The Link Between Debt, Bankruptcy, & Divorce

Valentine’s Day is the dedicated day where people can express their love, affection, and appreciation for their spouse, fiancé, partner, or significant other. Flowers and chocolates are usually the gifts of choice. However, this year has been anything but ordinary. After coming through the pandemic and its aftershocks, many families and couples are struggling a little more this year because of rising inflation, higher gas prices, and higher food prices. Family dollars aren’t stretching as far as they once did, and it’s causing people to fall behind.

The Link Between Debt, Bankruptcy, and Divorce Unfortunately, every divorce lawyer I know is busier than ever before. Why? Because debt causes stress in a relationship and, believe it or not, is one of the biggest causes of divorce. Did you know that one of the intended purposes of bankruptcy is to save marriages that might break up due to debt?

A fresh start without debt can be a fresh start in the marriage. Wouldn’t you just love to have a fresh start and hit the reset button? Wouldn’t you like to go back to the days where you and your significant other lived without debt or had much less debt to worry about? Wouldn’t you like to have a conversation with your spouse about something other than bills?

If you think I am suggesting that bankruptcy might save your marriage, you’re absolutely right. Trust me, I’ve seen it happen over and over again.

Case Study

I’m reminded of a story that nearly brought me to tears. It happened several years ago. I was staying late to meet with a couple that had been married for over 40 years. When they came in, I could tell the husband was agitated and nervous. I knew he did not want to be in my office. The wife looked like she was on the verge of tears. Something was really bothering her, and I could tell it was reaching a boiling point.

The conversation started like they usually do. The husband had no idea how much debt they were in. The wife knew but was afraid to tell him. The husband said: “All I do is work and she takes care of the bills.” Whenever I hear this from one spouse, it tells me that they’ve put their head in the sand and do not want to know or help the other spouse with the family finances. My instant thought was: How has

this couple remained married for so long? The wife looked at me and said: “We are in $80,000 of credit card debt, and I can’t handle it anymore. The stress is killing me,” and (looking at her husband) said: “I was so afraid to tell you because I know how hard you work, and I didn’t want you to worry about how bad things were really getting.”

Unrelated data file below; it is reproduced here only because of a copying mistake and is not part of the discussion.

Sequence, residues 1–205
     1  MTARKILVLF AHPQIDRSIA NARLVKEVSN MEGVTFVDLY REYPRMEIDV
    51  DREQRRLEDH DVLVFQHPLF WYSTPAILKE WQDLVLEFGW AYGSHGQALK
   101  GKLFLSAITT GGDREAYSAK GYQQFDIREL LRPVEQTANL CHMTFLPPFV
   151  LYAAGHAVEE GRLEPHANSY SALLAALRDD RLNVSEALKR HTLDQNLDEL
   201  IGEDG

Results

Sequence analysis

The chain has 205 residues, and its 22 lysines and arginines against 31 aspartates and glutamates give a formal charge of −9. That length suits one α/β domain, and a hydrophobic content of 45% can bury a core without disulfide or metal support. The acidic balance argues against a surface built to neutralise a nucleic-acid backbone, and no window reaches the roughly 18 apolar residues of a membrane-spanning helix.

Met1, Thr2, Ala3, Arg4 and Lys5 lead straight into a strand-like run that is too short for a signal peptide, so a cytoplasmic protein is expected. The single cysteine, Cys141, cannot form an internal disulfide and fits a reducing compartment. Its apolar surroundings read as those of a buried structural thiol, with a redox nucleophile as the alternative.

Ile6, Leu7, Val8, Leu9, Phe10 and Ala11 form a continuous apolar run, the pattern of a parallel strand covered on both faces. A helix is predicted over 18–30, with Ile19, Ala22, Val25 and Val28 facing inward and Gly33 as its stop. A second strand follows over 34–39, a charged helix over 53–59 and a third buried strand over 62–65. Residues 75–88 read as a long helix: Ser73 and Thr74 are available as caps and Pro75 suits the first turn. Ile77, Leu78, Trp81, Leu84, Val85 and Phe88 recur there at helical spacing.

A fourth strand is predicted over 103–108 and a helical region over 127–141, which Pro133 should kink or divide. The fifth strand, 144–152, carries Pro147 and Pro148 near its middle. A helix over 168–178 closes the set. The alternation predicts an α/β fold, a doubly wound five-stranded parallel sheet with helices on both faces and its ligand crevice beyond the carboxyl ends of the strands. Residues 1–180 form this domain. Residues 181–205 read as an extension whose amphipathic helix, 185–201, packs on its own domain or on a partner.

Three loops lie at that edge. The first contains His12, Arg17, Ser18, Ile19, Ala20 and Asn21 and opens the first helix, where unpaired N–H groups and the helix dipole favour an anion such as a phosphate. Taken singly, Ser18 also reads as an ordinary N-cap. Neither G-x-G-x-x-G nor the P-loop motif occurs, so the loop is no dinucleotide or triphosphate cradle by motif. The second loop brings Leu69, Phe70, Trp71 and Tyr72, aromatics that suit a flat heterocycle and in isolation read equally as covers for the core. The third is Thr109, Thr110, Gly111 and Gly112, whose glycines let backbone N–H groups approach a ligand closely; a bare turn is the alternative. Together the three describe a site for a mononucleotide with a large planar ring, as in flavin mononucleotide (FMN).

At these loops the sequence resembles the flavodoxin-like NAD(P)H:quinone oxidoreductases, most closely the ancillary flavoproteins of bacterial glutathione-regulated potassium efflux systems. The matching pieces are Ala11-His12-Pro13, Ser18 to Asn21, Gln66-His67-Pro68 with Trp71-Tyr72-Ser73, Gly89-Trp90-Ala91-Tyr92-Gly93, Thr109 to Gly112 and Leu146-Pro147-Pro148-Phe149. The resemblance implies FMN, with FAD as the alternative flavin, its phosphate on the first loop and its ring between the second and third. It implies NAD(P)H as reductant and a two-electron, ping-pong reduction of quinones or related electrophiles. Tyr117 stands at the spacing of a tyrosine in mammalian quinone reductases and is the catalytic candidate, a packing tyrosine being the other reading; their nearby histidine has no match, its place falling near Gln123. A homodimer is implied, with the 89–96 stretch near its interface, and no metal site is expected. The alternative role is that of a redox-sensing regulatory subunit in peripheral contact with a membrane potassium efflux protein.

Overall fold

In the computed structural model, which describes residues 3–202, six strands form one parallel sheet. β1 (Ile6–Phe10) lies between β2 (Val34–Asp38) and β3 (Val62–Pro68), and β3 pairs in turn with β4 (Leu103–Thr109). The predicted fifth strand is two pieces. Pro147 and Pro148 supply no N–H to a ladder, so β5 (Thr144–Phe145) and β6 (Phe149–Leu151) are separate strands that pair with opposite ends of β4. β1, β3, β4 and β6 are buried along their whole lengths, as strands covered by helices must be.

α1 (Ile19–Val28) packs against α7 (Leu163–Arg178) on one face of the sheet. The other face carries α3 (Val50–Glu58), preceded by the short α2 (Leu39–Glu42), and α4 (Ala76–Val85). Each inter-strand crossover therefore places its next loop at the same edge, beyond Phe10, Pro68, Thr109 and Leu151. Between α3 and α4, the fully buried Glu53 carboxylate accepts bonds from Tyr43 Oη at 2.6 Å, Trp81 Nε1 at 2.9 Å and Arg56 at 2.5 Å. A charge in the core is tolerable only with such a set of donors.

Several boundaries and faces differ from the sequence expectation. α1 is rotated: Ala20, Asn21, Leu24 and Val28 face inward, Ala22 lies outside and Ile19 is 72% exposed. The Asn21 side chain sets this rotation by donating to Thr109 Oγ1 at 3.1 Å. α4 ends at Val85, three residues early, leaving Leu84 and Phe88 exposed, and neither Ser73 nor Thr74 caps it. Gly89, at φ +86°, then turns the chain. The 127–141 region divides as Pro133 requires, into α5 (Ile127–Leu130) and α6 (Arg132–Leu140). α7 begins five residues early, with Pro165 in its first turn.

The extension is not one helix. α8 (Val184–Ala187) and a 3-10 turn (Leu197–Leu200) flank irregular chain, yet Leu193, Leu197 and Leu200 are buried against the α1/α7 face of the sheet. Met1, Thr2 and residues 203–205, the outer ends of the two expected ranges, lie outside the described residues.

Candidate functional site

Each month, a little piece of her was dying because she was using cash advances to make minimum payments. The husband turned and looked at her for about 30 seconds, his entire demeanor changed, and his walls came crumbling down. He reached out and took her hand and said: “Honey, I am so sorry. I’ve been a terrible husband. I should’ve asked you if you needed help. I should’ve asked how you were paying for things. But I didn’t, and I feel terrible about it. I know you have been stressed for a long time, and I never asked you why. Can you please forgive me?” She began to cry, and he stood up to give her a very long hug.

At that point in time, I knew they needed to be alone, so I excused myself. Even if they had asked me to stay, I would’ve left the room because it was a very emotional moment. I knew that it was a turning point in their relationship. I knew she did not expect that type of response from him. I could see in her eyes that she instantly forgave him and fell in love with him all over again. It was debt that was tearing them apart, and it was bankruptcy that would bring them back together.

If your marriage is under stress because of overwhelming financial obligations, you are not alone. Please feel free to schedule a complimentary consultation with a member of the Dellutri Law Group, PA today. We can be reached at (800) 391-4337.